Compared to the costly, and at times contentious, lead-up to the 2013 Linn County gaming referendum, Linn Wins! – the current group promoting approval of the county’s Nov. 2 gaming vote – has run a relatively low-key campaign.
There have been a few commercial spots and social media campaigns, some electronic billboards, and a smattering of yard signs, but otherwise, public promotion of the referendum has been largely muted.
But still, backers of the county-wide referendum, which faces voters as the result of a resolution passed by the Linn County Board of Supervisors in July, say they’re very optimistic about the odds for voter approval of Measure G in Tuesday’s general election.
“We’ve been in the community now for eight years, attempting to build a facility here, and we’ve seen so much support over that period of time,” said Jonathan Swain, president of Peninsula Pacific Entertainment (P2E), the developer that would work with the Linn County Gaming Association to develop a casino proposal. “I think that support continues. Our polling data shows very strong support for gaming in the community … we see less opposition than we had in 2013. When you’re running a campaign with strong opposition, you need to really accelerate your messaging, but we’ve seen overall positive numbers in the polling data that are improving versus 2013. So we just need to get the message out there about the vote. People don’t need to be educated about what this could bring to the community because they understand it and they’ve supported it in the past.”
Unlike the 2013 campaign, there are currently no specific casino development proposals or designs on the table. There’s also no organized opposition to the vote.
And a casino location has not yet been officially announced – the location of choice in 2013, along First Street West near the banks of the Cedar River, will now be the site of Kingston Landing, a $71 million development that will include a Big Grove Brewery, recreational facility and other housing and commercial facilities.
Mr. Swain said, however, that “we’ve always expressed a preference for (downtown) Cedar Rapids. We’ve evaluated half a dozen sites, and we still are focused on something that can help re-energize downtown Cedar Rapids.”
Voters passed the last county-wide gaming referendum by just over 61% of Linn County voters in 2013, a contentious election that cost north of $2.2 million. That eight-year authorization is set to expire this year. If voters pass the Nov. 2 referendum, a simple majority is needed for approval – the measure will permanently authorize gaming in Linn County and pave the way for a Cedar Rapids proposal to be again presented to the state’s Racing and Gaming Commission for consideration.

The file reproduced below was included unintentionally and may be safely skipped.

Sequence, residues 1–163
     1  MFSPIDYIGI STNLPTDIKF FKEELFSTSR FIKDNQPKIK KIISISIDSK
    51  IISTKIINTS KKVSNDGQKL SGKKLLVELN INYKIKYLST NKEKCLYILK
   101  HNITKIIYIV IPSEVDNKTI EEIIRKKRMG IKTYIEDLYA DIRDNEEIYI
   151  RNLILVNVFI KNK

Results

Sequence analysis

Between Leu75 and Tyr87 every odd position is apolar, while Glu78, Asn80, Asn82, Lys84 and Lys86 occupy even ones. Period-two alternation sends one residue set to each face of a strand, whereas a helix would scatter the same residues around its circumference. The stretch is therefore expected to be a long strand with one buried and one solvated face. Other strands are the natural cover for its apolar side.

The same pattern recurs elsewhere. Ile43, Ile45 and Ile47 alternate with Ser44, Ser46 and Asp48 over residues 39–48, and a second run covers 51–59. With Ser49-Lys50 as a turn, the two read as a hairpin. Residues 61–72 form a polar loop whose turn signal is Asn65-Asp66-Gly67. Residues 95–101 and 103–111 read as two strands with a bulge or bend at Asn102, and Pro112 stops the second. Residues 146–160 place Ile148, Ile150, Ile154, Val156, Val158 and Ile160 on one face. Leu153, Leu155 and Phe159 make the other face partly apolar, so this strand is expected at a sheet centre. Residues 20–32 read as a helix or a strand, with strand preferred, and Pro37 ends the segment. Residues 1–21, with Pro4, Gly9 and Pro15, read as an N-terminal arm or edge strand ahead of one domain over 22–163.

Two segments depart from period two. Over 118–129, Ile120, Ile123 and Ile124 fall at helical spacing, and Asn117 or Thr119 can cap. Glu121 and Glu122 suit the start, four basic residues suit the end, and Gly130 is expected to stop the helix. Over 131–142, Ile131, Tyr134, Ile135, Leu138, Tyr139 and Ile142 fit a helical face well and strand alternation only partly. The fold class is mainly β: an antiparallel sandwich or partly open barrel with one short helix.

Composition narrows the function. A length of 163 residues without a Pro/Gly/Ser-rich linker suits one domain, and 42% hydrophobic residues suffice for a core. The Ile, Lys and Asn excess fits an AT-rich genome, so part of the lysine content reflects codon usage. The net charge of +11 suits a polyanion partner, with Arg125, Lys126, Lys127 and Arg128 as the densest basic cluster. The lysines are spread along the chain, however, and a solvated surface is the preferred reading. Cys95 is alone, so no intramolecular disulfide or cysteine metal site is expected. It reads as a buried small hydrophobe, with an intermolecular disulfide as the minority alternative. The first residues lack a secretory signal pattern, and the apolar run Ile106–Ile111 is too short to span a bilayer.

However, the commission had twice rejected casino plans for Linn County, most recently in November 2017, when commissioners voted 3-2 against three separate casino proposals. Commissioners said at the time a new casino would excessively “cannibalize” gambling proceeds from established casino operations at the Isle of Capri in Waterloo, the Riverside Casino in Riverside and other state-licensed casinos in the region.
Supporters acknowledge that a new casino might, indeed, siphon some business from existing casino operations. But they say several factors have changed since the last proposal was rejected, which should improve the chances of receiving a casino license if the county referendum is approved.
The Linn Wins! Campaign focuses on shifts in the gaming market, an uptick in sports betting, and other factors that have altered the landscape for gaming ventures, including new gaming expansion laws passed in two bordering states – Nebraska to the west and Illinois to the east.
Perhaps more significantly, at an August presentation, P2E financial officer Natalie Schramm announced an agreement with the Linn County Gaming Association. This group would hold the license for any gaming venture. Linn County nonprofit agencies would receive 8% of net revenue from a casino’s operations – more than double the 3 percent allotment required by state law.
For Anne Parmley, president of the Linn County Gaming Association, that factor alone is crucial to support the referendum.
“Just being an Iowan, I’ve watched the impact of what’s happened in Dubuque, what’s happened in Sioux City, what’s happened in Des Moines (with casinos), the gains from the gaming revenue for the community itself, as well as the nonprofits,” she said. “The counties that have gaming receive an average of $6.3 million (per year) for their communities, and the counties that do not have gaming on average receive $140,000. That’s a huge difference in what we could do with the millions of dollars that a casino would generate in Linn County, to help our nonprofits who are struggling to generate revenue to offer the services that they provide to their constituents in Linn County, and also build on our community history to enhance the experience of our citizens. It’s really important.”
The gaming regulation landscape has changed at the state level since 2017 – the Racing and Gaming Commission has four new members and one open spot – but the commission hadn’t authorized a new casino license since 2010 when a license was granted for the Grand Falls Casino Resort in Larchwood. The commission has rejected several other proposals since then. Still, Ms. Parmley said in August, many factors have changed in the Cedar Rapids area of late, including the dual economic challenges of the pandemic and last year’s derecho.
“We hope for a fresh look (from the commission), because of those changes and their impact on the revenue of the state,” she said. “I can’t speak for the new commissioners, but those are things that we think are important to us.”